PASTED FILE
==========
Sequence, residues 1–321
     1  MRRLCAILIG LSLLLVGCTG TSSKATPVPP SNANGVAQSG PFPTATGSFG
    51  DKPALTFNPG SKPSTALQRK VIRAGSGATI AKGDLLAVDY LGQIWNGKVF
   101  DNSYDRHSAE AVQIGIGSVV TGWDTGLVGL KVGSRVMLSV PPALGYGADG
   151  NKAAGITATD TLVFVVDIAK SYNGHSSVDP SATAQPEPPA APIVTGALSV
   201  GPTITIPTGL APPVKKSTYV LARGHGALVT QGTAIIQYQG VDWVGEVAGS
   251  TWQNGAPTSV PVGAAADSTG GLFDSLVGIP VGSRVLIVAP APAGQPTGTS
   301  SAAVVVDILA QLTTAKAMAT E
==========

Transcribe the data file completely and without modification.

Sequence, residues 1–321
     1  MRRLCAILIG LSLLLVGCTG TSSKATPVPP SNANGVAQSG PFPTATGSFG
    51  DKPALTFNPG SKPSTALQRK VIRAGSGATI AKGDLLAVDY LGQIWNGKVF
   101  DNSYDRHSAE AVQIGIGSVV TGWDTGLVGL KVGSRVMLSV PPALGYGADG
   151  NKAAGITATD TLVFVVDIAK SYNGHSSVDP SATAQPEPPA APIVTGALSV
   201  GPTITIPTGL APPVKKSTYV LARGHGALVT QGTAIIQYQG VDWVGEVAGS
   251  TWQNGAPTSV PVGAAADSTG GLFDSLVGIP VGSRVLIVAP APAGQPTGTS
   301  SAAVVVDILA QLTTAKAMAT E